Pensions  

Pension pots take centre stage in divorce settlements

Pension pots take centre stage in divorce settlements

More than 15,500 divorcees were ordered to share their pensions with their former spouse in the past year, with divorcing couples finding it difficult to reach a financial settlement without sharing or splitting a pension pot.  

According to research from financial advice firm Salisbury House Wealth, it is now common for a pension pot to be the second highest value assets in a divorce settlement. 

Statistics from the Ministry of Justice (MoJ) showed 18 per cent of divorces, where financial awards were made, involved pension splitting or attachment orders. 

Salisbury House Wealth pointed to several options for divorcing couples to split their pensions, highlighting the value of financial advice in this situation.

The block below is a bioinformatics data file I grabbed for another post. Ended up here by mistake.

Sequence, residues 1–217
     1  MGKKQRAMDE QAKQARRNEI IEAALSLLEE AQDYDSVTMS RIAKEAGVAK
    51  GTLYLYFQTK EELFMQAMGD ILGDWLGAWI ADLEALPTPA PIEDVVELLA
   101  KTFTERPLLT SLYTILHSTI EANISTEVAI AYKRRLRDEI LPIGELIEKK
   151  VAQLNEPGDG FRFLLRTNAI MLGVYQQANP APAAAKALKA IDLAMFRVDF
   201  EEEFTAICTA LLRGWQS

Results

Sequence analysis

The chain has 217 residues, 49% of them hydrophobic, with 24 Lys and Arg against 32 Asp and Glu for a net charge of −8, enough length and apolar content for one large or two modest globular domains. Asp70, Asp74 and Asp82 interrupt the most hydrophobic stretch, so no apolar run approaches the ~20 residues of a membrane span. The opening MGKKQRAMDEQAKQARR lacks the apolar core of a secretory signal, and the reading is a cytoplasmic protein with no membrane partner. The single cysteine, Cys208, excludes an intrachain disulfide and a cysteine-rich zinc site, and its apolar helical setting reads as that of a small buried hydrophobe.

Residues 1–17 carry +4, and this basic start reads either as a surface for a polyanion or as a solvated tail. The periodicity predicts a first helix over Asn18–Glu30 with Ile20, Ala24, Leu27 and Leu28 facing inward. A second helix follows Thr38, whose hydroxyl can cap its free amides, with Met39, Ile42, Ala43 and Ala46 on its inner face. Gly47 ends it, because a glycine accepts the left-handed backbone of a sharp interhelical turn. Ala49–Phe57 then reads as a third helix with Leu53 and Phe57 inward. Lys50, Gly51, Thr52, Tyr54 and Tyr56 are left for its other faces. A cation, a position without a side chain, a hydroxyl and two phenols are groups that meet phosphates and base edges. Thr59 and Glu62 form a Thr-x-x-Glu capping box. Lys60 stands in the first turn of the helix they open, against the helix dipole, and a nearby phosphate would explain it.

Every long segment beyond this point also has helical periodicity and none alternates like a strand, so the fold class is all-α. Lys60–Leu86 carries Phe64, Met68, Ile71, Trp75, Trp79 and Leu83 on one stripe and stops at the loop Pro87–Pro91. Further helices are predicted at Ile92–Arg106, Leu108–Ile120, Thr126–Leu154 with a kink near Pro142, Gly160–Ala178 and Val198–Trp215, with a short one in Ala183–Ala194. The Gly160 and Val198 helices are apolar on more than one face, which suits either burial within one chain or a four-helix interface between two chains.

For instance, couples can arrange a pension sharing order, in which a share of the pension pot is transferred from one individual to their former spouse.  

Alternatively, they can opt for a pension attachment order, in which the pension pot remains with one of the partners, but the income is divided when it is drawn down.

Tim Holmes, managing director at Salisbury House Wealth, said: "Pension awards can be a major financial windfall after a divorce, but without financial planning, the money might not hold its value.

"Divorcees receiving a large lump sum instead of the drawn down pension need to be especially careful that they are investing the sum to make it last them through their retirement.

"Divorces are a stressful time for both parties, but the financial decisions made then will have lasting consequences. Seeking third party advice can be helpful, particularly when dealing with [complex cases]."

His comments come in the wake of a recent Supreme Court ruling, which prompted adviser to urge people to consider the long-term financial effects of certain life events.

The court ruled the former spouse of a businessman had no right to receive an increase in the payments made to her after she managed her finances poorly.

rosie.quigley@ft.com